So, yeah, you're tired and sore. Stop feeling sorry for yourself.
You are in the throes of withdrawal from privilege, the most addicting drug to hit college since caffeine. The road to recovery will get a lot smoother if you accept a few unpleasant truths.
You are not going to get an itemized letter apologizing for every injustice the universe has committed against you, no written acknowledgement from those nasty bureaucratic recruiters that you are worth more than your circumstances, and no Magna Carta immortalizing your undervalued excellence.
So stop waiting on it; like your Hogwarts letter, it isn't coming. You are also not going to get a letter apologizing for that nonexistent Hogwarts letter. Since you are untitled, they have no address, anyway.
You are not too good for your current job (or lack thereof). You can't write that on a résumé anyway.
This is the work you have now; take it and be grateful.
And, most importantly, your identity is in not your job, your apartment, or your paycheck. The system can't rip it out like the bread basket in Operation. This is both bad news and good.
When the privilege of education, upbringing, class, connection and lifestyle falls away; when you grudgingly admit you deserve no better than the next person; when no one cares that a hot plate burned your precious skin during tonight's dinner rush, you find yourself held to higher standards that you might have once held timecard employees.
No longer “entitled” to pettiness or cruelty; no longer absolved from cynicism or laziness because you “worked hard” or “earned it,” you must be kind, honorable, diligent.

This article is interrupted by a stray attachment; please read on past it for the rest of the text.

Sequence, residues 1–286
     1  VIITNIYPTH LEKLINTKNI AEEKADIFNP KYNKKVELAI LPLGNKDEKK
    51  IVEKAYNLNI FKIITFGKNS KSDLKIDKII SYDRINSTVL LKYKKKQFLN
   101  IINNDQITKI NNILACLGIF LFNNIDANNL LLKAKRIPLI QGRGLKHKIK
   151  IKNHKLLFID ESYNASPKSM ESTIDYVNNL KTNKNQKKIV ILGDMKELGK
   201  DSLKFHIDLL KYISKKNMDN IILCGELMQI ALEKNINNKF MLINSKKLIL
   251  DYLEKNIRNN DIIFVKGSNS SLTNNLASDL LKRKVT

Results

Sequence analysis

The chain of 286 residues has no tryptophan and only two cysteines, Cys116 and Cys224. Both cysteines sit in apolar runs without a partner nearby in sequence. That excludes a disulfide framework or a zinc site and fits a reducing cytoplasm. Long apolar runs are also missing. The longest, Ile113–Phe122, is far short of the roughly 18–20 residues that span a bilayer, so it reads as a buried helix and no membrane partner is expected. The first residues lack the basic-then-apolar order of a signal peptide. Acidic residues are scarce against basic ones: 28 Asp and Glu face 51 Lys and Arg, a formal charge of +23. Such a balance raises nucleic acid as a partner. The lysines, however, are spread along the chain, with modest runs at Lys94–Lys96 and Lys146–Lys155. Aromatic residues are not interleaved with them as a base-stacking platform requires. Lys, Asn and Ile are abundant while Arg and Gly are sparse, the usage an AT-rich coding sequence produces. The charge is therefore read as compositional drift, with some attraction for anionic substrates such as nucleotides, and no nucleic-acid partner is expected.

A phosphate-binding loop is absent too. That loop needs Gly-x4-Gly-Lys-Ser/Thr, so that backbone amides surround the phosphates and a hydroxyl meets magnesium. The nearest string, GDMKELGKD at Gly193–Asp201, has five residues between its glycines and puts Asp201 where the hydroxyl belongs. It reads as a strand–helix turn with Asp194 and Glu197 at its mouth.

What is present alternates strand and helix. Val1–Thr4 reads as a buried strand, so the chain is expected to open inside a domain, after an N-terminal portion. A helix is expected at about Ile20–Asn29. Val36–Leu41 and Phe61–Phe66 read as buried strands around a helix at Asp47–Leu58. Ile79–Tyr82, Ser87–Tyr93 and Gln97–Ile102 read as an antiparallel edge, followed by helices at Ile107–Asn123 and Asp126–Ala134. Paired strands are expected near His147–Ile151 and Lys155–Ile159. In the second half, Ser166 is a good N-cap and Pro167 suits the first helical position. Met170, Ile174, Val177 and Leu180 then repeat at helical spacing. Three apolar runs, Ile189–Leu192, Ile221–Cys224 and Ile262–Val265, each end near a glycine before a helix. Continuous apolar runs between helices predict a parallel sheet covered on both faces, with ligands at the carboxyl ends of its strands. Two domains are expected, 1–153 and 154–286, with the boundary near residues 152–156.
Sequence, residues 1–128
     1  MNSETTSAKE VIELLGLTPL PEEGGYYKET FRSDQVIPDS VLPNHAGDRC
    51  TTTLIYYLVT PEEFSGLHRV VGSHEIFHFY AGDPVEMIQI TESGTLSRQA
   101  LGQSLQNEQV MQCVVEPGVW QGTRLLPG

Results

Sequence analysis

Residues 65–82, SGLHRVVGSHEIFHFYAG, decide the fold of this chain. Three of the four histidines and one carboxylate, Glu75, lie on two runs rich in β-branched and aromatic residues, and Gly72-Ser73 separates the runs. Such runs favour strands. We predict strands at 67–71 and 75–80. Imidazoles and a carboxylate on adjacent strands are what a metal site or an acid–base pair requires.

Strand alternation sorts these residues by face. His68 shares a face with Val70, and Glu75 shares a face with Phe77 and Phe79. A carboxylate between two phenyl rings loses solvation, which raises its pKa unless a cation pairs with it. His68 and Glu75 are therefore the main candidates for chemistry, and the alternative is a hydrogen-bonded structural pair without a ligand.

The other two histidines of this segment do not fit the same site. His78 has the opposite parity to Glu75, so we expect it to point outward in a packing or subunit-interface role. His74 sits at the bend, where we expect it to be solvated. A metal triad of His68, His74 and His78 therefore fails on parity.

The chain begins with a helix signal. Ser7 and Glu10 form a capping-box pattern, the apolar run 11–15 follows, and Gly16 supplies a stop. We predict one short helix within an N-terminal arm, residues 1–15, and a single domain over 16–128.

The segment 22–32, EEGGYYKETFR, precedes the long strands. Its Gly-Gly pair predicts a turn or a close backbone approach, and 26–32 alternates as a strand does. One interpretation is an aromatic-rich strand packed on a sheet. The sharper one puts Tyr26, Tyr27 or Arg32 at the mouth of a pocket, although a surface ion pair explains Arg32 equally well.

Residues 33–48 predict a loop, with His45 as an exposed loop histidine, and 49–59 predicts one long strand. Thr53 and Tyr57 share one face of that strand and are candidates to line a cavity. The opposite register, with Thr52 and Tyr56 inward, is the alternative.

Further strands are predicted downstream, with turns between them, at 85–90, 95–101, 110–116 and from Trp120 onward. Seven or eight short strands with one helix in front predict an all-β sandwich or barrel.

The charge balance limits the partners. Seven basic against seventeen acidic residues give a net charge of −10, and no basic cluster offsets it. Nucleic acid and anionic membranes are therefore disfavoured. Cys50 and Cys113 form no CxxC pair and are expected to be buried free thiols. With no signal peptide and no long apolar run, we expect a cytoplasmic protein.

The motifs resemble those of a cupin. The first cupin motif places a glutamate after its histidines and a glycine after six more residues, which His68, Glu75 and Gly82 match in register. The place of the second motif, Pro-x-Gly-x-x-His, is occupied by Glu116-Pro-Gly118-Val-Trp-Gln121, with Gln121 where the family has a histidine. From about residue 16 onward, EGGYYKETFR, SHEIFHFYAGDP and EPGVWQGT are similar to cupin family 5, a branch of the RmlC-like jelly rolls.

The onus is on you to cultivate a valuable person in your skin because you can no longer deflect criticism with your ninth grade soccer medal or the puff-paint on your graduation cap.
Now for the good news: If our society miraculously learned to distinguish between standards of behavior and standards of living, to judge people by their intrinsic as opposed to extrinsic qualities, one summer job behind the counter wouldn't condemn you to lifelong failure.
So if it helps at all, I'll tell you what my best friend told me when I told her about all my rejections: “Keep the faith.”
Before you flip your hair, lower your glasses and ask me deadpan, “wWhat faith?” I'll just add, I don't know.
It's the faith, the polyester one in which our parents swaddled us at birth, the one we slurped down with otter pops in fifth grade, the slim folder where our high school counselors stored pieces of our souls.
Maybe it's a Gatsby dream, but it's still the faith, and it's the guarded tenderness that wobbles in my mom's gaze as she watches me curl up on the couch with a mug of coffee and a classic novel, still in my robe at 10 am, unemployed.
Lose the privilege, but keep the faith: the faith in hard work and human decency. Keep faith in life as art and art for art's sake.
Call it Pascal's Millennial wager; if you dare to believe you are special, you are special, because so many people have lost the faith, or more accurately, had to pawn it to finance another month of cable.
The faith is not entitlement; it courses much deeper than that. And, when you have lost the shelter — and the burden — of all that privilege, some fragments stay behind.
Believe your passions invoke destiny; you are smarter than your retail job; you have a purpose in this world.
Believe this because no one else believes it of you and almost no one else believes it of him or herself. This is the faith. Wager against all odds.
Speaking from the corner of a sofa shaggy with cat-hair, I know I've got nothing to lose. Or at least, no money, no job, no boyfriend.